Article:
> Short Cycle, Long Cycle
Short Cycle, Long Cycle
Since my memory isn’t that great, I think (but am not sure) that I wrote about short and long cycle run-break-fix before. Nevertheless, I’m gonna do it again because repetition can drive a message home.
In a nutshell, short cycle run-break-fix (SCRBF) and LCRBF are ways of enhancing product quality. High frequency SCRBF iteration jacks up quality by removing errors and fixing design disasters before a product gets shipped to customers. LCRBF is (hopefully) a low frequency technique of error removal after a product has made it into the customer’s hands. In that sense, SCRBF is good and LCRBF is bad. In a perfect world, LCRBF is never needed because the customer gets exactly what he/she wants right out of the shoot.
The figure below depicts side-by-side models of two different company’s day to day operating systems. Which one do you think is more successful? Why do you think the company on the right doesn’t do any SCRBF? Could it be that internal mistakes aren’t tolerated and hence covered up? Do you think it’s innocent ignorance? Do you think it’s because management puts schedule first and quality second – while publicly espousing the opposite? Which model best represents your company’s ingrained way of doing things?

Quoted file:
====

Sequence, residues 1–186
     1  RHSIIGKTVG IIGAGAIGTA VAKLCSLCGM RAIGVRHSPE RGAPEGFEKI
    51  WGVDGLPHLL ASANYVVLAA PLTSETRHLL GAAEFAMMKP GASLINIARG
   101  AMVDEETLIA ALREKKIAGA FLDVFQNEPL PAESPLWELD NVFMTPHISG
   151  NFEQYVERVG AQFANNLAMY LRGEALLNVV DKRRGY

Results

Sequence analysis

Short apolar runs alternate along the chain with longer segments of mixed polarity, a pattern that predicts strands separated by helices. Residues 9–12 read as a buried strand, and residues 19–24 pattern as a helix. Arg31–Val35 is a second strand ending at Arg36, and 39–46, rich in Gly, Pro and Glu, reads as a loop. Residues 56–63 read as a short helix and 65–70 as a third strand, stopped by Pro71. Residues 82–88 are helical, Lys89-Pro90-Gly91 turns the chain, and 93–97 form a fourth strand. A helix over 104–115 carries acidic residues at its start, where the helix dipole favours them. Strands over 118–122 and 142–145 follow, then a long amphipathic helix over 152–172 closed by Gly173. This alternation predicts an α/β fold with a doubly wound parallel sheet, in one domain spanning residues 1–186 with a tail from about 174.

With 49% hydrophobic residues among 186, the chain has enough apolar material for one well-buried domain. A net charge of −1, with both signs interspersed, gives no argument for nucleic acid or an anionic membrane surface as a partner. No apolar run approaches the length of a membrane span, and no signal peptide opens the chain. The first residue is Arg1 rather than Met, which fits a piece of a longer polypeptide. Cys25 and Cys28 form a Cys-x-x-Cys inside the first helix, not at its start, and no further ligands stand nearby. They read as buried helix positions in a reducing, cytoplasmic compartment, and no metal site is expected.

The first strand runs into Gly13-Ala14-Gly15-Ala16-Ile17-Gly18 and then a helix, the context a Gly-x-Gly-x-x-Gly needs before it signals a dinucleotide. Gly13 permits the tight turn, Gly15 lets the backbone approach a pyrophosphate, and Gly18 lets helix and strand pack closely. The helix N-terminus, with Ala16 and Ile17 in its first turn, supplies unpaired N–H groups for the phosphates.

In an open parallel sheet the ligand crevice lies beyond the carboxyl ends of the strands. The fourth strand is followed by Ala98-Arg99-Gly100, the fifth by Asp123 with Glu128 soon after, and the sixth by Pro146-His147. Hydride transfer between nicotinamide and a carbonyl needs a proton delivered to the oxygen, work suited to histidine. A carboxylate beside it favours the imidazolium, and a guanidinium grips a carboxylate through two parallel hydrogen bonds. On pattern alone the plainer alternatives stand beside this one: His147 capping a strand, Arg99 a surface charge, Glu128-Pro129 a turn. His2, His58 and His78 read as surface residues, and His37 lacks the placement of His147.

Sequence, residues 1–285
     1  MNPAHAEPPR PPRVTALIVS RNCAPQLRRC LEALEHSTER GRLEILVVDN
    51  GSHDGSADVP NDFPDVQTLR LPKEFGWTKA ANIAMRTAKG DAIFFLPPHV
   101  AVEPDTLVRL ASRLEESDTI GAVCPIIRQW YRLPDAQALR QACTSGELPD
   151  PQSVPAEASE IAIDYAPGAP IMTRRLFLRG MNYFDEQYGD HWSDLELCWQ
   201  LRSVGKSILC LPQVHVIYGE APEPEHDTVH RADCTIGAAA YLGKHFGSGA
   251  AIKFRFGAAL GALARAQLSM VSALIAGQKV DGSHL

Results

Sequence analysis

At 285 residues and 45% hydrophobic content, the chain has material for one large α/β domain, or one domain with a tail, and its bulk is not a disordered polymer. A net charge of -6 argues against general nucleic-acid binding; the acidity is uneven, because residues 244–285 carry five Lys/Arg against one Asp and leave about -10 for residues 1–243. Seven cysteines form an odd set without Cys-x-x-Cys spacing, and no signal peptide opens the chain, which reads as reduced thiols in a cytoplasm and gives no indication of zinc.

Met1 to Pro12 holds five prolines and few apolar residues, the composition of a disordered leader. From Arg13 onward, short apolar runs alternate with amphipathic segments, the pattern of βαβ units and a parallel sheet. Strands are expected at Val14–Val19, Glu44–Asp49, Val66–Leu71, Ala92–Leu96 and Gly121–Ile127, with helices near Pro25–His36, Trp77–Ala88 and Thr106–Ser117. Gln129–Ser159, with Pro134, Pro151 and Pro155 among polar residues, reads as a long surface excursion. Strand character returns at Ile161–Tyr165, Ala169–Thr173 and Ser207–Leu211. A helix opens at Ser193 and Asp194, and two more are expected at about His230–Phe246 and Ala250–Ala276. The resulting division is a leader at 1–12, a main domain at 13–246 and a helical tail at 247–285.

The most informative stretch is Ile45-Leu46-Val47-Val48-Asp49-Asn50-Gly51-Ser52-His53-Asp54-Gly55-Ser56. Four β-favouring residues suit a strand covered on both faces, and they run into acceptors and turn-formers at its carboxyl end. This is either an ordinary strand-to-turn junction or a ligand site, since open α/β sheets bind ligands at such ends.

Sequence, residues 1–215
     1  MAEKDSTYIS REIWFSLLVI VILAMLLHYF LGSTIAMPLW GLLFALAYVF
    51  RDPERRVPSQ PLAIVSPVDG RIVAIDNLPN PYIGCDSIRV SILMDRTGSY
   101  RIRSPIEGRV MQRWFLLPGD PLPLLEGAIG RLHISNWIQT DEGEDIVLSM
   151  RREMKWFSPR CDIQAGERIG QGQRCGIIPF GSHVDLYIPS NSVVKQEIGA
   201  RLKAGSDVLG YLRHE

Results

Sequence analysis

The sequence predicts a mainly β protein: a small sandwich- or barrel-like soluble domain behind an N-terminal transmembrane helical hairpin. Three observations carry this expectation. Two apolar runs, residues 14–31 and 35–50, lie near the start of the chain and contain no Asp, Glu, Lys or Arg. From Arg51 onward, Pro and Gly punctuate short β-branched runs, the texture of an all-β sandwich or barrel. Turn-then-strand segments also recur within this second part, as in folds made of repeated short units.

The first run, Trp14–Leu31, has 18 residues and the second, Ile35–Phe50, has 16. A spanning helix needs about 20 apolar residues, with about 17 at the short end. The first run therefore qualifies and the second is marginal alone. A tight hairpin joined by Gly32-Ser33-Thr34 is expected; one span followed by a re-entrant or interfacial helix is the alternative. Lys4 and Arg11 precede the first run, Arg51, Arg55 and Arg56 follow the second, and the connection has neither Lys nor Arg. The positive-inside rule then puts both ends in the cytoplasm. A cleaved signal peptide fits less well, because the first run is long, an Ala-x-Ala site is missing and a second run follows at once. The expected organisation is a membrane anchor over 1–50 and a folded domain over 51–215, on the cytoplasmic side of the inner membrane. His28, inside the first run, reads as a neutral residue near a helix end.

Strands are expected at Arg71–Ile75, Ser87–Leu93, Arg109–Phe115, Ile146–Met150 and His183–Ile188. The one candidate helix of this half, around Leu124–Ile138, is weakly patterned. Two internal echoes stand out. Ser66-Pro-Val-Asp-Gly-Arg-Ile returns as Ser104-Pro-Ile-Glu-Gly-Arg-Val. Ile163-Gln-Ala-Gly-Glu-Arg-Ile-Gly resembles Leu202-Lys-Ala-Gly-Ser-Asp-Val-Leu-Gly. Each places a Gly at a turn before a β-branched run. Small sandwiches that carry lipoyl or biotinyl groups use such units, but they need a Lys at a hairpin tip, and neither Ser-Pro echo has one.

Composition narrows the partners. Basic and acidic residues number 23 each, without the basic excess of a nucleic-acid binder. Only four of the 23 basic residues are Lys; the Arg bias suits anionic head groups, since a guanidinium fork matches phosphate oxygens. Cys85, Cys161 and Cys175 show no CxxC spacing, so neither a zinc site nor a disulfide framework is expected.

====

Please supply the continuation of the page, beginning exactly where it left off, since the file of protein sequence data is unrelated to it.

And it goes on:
Note: The terms SCRBF and LCRBF were coined by William L. Livingston in his masterful second book, “Have fun at work“.